Don't Make God Mad
Jones, Pete, The Humanist
EVERY SUMMER, our church held a revival. Brother Joe H. West, our grandfatherly pastor, invited Baptist preachers from all over the country to travel to San Antonio and speak to us. It was a week-long event, Sunday to Sunday, with two sermons a night for eight straight nights. To a boy like me--one acclimated to weekends ruined by church--revival week gave me a full-blown Job complex. Every night I'd have to get dressed up to listen to some preacher I'd never heard of--or would ever hear from again--and fight the small, intense struggle to keep my eyes open.
Brother Joe hadn't trained us to stay alert during sermons. Our poor pastor was a natural-born bore, lacking the spitting gusto that spawns a megachurch or a Sunday morning TV show audience. The Prodigal Son was his go-to sermon: a sweet tale of unconditional forgiveness, perfect for a sweet old patriarch who was better suited to running a staid Sunday school discussion than jolting sinners into repentance. Sometimes he created object lessons out of gewgaws he found around his house, or he complained about uncontroversial sins like homosexuality and abortion. Even as a boy, I knew that if our church was going to have a real, spontaneous revival, Brother Joe couldn't be expected to deliver the rhetorical spark that would light the fuse. No, if our revival was going to produce a spontaneous groundswell of Christian passion, it would have to involve visiting preachers and, so, needed to be scheduled weeks in advance.
When I was ten years old the headliner for the 1989 revival was to be none other than Dr. Joe Boyd. I can't remember when I first heard about this holy man, but to the Baptist children of South Texas he was a mythical character, like Moses, John the Baptist, or Ronald Reagan--someone who enters your consciousness so early you can't remember not revering him.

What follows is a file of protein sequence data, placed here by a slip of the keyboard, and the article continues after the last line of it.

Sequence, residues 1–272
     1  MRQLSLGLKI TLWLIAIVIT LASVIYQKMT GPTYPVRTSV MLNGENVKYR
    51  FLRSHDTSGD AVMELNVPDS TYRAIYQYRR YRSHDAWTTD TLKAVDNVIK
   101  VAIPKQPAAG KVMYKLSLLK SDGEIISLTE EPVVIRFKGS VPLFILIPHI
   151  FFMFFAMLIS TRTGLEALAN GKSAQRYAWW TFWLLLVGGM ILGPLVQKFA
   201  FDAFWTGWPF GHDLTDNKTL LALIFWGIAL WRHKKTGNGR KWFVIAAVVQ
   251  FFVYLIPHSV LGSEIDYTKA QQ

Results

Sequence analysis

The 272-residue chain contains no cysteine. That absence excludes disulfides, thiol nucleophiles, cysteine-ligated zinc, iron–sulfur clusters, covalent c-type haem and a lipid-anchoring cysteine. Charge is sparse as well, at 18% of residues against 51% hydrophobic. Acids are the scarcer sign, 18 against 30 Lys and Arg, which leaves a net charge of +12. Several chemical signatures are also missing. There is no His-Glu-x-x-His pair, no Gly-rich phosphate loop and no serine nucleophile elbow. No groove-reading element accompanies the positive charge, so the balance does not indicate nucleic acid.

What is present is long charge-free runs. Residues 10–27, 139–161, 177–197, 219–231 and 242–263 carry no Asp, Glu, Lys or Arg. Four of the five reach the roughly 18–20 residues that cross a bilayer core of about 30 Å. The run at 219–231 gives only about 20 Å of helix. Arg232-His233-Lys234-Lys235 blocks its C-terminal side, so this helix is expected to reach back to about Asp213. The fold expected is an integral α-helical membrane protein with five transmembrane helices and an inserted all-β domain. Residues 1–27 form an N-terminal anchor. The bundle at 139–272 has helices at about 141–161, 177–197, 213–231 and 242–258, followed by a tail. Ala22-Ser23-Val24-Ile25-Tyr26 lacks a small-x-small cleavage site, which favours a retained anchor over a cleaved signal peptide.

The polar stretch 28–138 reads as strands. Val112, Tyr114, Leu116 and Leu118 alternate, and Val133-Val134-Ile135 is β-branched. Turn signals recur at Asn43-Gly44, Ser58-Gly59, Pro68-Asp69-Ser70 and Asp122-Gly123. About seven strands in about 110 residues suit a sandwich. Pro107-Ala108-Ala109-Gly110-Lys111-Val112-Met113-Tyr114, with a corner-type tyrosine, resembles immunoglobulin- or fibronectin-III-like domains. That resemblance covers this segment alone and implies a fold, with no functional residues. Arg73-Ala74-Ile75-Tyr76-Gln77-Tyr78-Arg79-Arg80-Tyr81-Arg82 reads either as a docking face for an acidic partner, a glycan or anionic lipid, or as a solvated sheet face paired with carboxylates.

Naturally, Dr. Boyd was the final speaker of revival week. I'd never seen him, never heard him speak. But he loomed big and bearded in my mind, someone who grumbled on mountaintops, swollen with indignation and seeding great thunderheads of heavenly retribution. I knew he'd been an offensive lineman at Texas A&M back in the fifties, that he'd been part of a national championship team. This seemed exactly right to me: of course he was an O-lineman; of course he was a champion. I remember thinking he could probably eat more than anyone alive. At the Sunday potluck, I looked for the man with the largest mound of ribs on his plate, the biggest gut, the strongest jaw. How could I possibly miss him?
I didn't actually lay eyes on Dr. Boyd until that night when he stepped behind the pulpit. From the youth section, where I'd fallen asleep a hundred times, I watched this grey-haired old man climb the stage. He wasn't that tall. He was overweight, but not gigantic--more jowl than jaw. He wore a plain brown suit and a wide brown tie. A real let down.
And then came the voice--slow Texas sugar that would have easily filled our church without the use of the PA system. It was quiet but powerful, threatening imminent explosion, as though his belly housed a brigade of broad-shouldered offensive lineman waiting to crash into each other. At its deepest, it sounded like his words percolated in a gravel-filled gizzard.
Like an old uncle, he joshed us about Sister Nugent's pecan pie, Brother Larry's expanding waistline, and Grandma Schendell's screeching but praiseworthy accordion recitals. He even complimented our mentally disabled janitor on keeping the crown molding dust-free, lovingly hinting that a more competent man might not have bothered. The women smiled, the men laughed, the kids--all but me--yawned, and the usual suspects shouted "Amen."
But after the pleasantries, Dr. Boyd didn't waste time. Like most Baptist preachers I'd heard, he announced his topic in no uncertain terms: "I'm going to preach tonight," he said, "on foolishness--the silliness of man. …